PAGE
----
Los Angeles and Long Beach, California, together have the second busiest port region in the US. Both harbors are next to cement factories and petroleum refineries. Trucks coming in and out of the harbor on the always congested 710 highway belch and spew dirty diesel particulates in the neighboring community. In fact, kindergartens and schools conveniently located next to the highway are the hardest hit. Child asthma has skyrocketed over the decades, to the point where these children will never have fully developed lungs.
But things have gotten better and keep on getting better in a measurable way. Ten years later after the Clean Trucks Program was started, it has yielded some good results, with more to come.
The Ports Of Los Angeles & Long Beach — Cleaning Their Environmental Footstep
The ports of Long Beach and Los Angeles enacted the Clean Trucks Program late in 2008, banning pre-2007 big trucks from the San Pedro Bay port complex. The result has been a phenomenal 97% reduction in toxic diesel particulate matter emissions from trucks, according to the most recent air quality reports from the harbor press releases.
The port didn’t just force the region to modernize private trucks — it did the same for its own trucking fleet, which led to a 79% decline in smog-forming nitrogen oxides, 91% fewer sulfur oxides, and 24% reduction in greenhouse gas emissions. The port plan also reaches emissions from ships, locomotives, container yard equipment, and harbor craft like tugboats.
According to Tracy Egoscue, President of the Long Beach Board of Harbor Commissioners: “We’ve been far more successful than anyone could foresee, thanks to the work of our incredible staff and our industry’s investment and commitment to cleaner air. … Now we’re moving ahead with still more ambitious goals.”
The Clean Trucks Program restricts new trucks entering service at the ports to be 2014 or newer model year, but only those that joined the Port Drayage Truck Registry. However, trucks already registered as of Sept. 30 can continue operating at the ports, as long as they are current on their annual dues and compliant with emission regulations set by the California Air Resources Board (CARB). The reason for this last part is that smaller trucking companies faced more financial pressures to meet emissions standards and some have closed doors as a result.
Los Angeles & Long Beach Ports Push For More Environmentally Friendly Programs
According to the Port of Long Beach, the new tariff requirement is the first in a series of steps both ports continue to further the progress under the 2017 CAAP Update that was approved November 2017. Active lobbies have slowed down progress and slowed the goal of transitioning to zero-emissions port transport by 2035.
According to Port of Long Beach Executive Director Mario Cordero: “It’s a great anniversary for us because we’re breathing cleaner air and we have cleaner trucks going up and down the 710 Freeway. … Now we have a bigger challenge ahead of us to demonstrate that it’s feasible to bring zero-emission trucks here by 2035.”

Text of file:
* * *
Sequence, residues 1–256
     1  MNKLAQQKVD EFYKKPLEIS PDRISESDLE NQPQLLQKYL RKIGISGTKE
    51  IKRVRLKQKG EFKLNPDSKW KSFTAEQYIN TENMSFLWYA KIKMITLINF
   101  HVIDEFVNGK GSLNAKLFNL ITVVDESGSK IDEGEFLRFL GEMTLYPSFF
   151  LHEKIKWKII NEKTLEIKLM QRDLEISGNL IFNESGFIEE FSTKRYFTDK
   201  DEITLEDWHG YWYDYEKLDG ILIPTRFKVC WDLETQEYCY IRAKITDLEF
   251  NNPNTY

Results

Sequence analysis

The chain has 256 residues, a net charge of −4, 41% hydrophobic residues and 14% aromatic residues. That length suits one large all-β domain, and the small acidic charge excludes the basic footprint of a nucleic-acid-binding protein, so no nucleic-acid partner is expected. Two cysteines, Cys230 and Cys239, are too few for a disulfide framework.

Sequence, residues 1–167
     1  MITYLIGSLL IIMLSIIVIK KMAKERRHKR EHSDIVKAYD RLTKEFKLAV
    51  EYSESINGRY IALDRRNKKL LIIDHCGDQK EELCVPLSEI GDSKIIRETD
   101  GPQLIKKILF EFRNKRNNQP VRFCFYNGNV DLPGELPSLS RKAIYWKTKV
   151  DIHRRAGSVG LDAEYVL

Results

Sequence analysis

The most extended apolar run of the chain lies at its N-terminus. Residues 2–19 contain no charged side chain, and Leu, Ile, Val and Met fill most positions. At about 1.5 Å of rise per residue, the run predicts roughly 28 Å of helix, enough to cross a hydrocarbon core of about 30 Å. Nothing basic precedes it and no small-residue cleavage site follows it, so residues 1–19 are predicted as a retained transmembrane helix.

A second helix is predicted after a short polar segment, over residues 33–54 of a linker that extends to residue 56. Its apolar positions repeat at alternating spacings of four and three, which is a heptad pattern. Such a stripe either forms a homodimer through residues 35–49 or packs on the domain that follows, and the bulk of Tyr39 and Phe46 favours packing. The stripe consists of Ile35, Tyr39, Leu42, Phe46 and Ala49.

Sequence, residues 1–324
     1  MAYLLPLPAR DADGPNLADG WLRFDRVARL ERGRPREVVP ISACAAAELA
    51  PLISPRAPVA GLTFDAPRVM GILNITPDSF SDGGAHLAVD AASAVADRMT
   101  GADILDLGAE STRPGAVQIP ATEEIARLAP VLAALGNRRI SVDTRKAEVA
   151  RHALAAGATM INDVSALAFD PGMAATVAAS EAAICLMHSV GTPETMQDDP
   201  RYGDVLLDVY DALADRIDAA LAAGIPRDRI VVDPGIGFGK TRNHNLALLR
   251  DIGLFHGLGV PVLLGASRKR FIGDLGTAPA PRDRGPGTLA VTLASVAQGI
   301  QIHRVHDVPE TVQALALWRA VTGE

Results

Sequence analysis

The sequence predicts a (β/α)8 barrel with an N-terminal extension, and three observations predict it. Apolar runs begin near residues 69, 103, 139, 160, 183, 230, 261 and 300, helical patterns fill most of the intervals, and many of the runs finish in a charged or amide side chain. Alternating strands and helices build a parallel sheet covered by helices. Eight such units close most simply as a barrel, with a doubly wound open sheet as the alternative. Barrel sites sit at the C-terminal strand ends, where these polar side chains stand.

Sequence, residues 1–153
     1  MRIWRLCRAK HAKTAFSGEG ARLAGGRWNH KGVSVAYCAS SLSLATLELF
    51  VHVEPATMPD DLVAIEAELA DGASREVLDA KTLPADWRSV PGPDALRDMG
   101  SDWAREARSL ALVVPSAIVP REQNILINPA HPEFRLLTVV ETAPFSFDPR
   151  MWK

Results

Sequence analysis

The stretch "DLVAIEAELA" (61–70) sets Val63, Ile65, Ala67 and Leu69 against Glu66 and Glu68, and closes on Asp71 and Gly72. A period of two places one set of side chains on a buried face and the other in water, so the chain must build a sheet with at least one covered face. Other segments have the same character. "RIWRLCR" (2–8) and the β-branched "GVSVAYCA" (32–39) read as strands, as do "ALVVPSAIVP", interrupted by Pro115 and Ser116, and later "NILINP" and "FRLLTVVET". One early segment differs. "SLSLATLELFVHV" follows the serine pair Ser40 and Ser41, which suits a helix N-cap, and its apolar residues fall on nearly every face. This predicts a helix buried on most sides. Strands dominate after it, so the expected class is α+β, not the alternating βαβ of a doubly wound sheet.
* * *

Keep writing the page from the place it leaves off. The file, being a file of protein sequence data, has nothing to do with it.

A company I met in Long Beach, STAX Engineering, has a very creative solution and as is often the case, a more elegant and affordable one. Bob Sharp, the brain behind STAX Engineering, designed a system that attaches to existing combustion sources and removes nearly 100% of the air pollution while also capturing carbon dioxide (CO2). Where STAX shows much potential is that it uses an economically valuable approach that is highly mobile and removes nearly 100% of particulate matter (PM), NOx (nitrogen oxides), and SOx (sulfur oxides), while also capturing CO2 (carbon dioxide), which is the leading cause of global warming and thus catastrophic climate change. I’ll dedicate a more in-depth article on the company, as the system makes so much sense — it leaves me scratching my head and asking why it isn’t used globally yet.
Understandably, we want to move quicker and faster, especially seeing juggernaut China quickly removing any hurdles, sometimes at the detriment of the environment. It would be great to take, adopt, and adapt the positive parts of other systems. A decade is a long time for politics, special interests, and lobbies to find profitable solutions. It’s up to us to continue the pressure to move much faster.
The other fun alternative for the same effect is to buy less, but that requires large cultural change. Until then or without that, we’re hoping for common sense to make a comeback. Quick, blind profits and short-term bottom lines are not more important than human lives.
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